Equetro for the Treatment of Mania in Children Ages 6-12 With Bipolar Disorder
This is an open-label pilot study of up to 1200 mg/day of carbamazepine ER (Equetro) in the treatment of children who meet DSM-IV criteria for Bipolar I, Bipolar II, or Bipolar Spectrum Disorder. The main goal of this study is to begin to address the void of information on safety, tolerability and effectiveness of Equetro in the treatment of Pediatric Bipolar Disorder.
|Study Design:||Allocation: Non-Randomized
Endpoint Classification: Safety/Efficacy Study
Intervention Model: Single Group Assignment
Masking: Open Label
Primary Purpose: Treatment
|Official Title:||Open-Label Study of Equetro for the Treatment of Mania in Children Ages 6-12 With Bipolar I, Bipolar II, and Bipolar Spectrum Disorder|
- symptom reduction measured by YMRS [ Time Frame: 8 weeks ] [ Designated as safety issue: No ]
|Study Start Date:||July 2005|
|Primary Completion Date:||August 2007 (Final data collection date for primary outcome measure)|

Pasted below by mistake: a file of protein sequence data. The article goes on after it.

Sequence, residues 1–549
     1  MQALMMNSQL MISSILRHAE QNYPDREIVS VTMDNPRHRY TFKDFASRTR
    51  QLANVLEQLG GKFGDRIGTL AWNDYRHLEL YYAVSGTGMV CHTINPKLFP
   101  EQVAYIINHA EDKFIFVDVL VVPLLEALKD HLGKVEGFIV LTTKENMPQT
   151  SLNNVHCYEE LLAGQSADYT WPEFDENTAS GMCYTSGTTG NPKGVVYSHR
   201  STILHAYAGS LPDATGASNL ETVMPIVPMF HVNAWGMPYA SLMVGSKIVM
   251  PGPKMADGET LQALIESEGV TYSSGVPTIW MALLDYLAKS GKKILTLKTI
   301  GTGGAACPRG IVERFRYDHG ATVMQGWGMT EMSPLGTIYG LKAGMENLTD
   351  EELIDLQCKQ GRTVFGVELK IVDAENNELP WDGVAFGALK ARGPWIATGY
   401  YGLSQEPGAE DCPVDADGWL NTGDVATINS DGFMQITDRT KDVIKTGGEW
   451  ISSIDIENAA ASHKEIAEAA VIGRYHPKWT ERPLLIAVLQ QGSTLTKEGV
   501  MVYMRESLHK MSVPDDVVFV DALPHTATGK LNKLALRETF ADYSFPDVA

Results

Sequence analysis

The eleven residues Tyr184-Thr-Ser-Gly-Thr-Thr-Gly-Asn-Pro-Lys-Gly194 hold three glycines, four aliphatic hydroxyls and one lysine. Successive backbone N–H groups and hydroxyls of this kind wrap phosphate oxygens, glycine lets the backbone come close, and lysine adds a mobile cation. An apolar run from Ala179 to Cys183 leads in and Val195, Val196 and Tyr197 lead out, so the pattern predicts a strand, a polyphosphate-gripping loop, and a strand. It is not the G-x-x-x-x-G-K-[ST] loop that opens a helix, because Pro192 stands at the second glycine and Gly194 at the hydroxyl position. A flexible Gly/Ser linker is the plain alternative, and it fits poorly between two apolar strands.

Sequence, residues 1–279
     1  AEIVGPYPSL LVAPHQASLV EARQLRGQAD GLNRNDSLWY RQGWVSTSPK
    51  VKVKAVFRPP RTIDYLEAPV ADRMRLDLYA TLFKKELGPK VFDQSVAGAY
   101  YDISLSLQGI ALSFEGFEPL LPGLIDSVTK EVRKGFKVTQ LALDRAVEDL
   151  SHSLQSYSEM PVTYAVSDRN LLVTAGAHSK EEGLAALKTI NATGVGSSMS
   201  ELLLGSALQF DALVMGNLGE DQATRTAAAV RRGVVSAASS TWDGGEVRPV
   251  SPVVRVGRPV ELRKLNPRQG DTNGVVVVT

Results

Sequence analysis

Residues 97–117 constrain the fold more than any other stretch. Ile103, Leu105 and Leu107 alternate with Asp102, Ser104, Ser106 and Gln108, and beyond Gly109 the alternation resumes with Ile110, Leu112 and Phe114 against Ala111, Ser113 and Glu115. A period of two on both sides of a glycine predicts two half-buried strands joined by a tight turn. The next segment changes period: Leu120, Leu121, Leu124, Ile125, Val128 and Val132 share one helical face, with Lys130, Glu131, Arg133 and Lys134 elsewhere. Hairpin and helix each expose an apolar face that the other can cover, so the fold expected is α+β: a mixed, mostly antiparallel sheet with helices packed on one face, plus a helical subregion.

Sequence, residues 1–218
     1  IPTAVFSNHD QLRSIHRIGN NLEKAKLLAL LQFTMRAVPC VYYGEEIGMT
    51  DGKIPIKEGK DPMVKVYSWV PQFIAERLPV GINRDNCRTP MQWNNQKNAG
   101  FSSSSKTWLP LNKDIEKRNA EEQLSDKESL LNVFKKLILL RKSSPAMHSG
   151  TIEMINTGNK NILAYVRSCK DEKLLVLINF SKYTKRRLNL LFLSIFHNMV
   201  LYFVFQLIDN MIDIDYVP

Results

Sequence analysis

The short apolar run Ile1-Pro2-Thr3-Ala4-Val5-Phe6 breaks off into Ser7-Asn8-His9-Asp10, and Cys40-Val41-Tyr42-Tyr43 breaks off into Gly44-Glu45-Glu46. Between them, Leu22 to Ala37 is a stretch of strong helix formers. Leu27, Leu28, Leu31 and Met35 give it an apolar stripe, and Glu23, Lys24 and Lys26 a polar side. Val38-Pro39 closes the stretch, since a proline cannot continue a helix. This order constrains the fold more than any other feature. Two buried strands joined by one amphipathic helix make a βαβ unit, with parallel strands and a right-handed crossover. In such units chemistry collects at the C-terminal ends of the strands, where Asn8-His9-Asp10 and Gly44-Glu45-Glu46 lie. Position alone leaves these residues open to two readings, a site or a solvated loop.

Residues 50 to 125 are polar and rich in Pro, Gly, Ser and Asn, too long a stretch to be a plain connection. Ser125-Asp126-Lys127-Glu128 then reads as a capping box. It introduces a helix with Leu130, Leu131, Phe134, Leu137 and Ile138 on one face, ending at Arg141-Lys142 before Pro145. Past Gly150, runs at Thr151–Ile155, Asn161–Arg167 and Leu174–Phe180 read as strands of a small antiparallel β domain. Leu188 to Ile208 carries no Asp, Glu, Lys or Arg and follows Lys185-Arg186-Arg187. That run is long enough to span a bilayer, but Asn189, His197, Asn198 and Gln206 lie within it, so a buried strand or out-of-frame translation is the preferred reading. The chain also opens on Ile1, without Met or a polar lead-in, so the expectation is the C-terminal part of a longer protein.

Initial clinical evidence suggests that carbamazepine (CBZ) may play a therapeutic role in the management of pediatric bipolar disorder. A recent study found that nearly 50% of patients taking immediate-release CBZ had side effects while only 20% of patients had side-effects after switching to an extended release (ER) version of the drug, despite high doses. In addition, with an ER formulation of CBZ there is a potential for decrease in peak-related side effects and improved efficacy with higher blood levels. Thus, an ER formulation of CBZ may improve effectiveness and adherence to treatment.
The goal of this pilot study is to evaluate the safety and effectiveness of Equetro in the treatment of bipolar I, bipolar II, and bipolar spectrum disorder in children ages 6-12 over the course of 8-weeks. We propose that during this exploratory study there will be sufficient safety, tolerability, and effectiveness of Equetro in the treatment of Pediatric Bipolar Disorder. The results of this study will be used to generate hypotheses for a larger randomized controlled clinical trial with explicit hypotheses and sufficient statistical power.
|United States, Massachusetts|
|Massachusetts General Hospital|
|Cambridge, Massachusetts, United States, 02138|
|Principal Investigator:||Janet Wozniak, MD||Massachusetts General Hospital|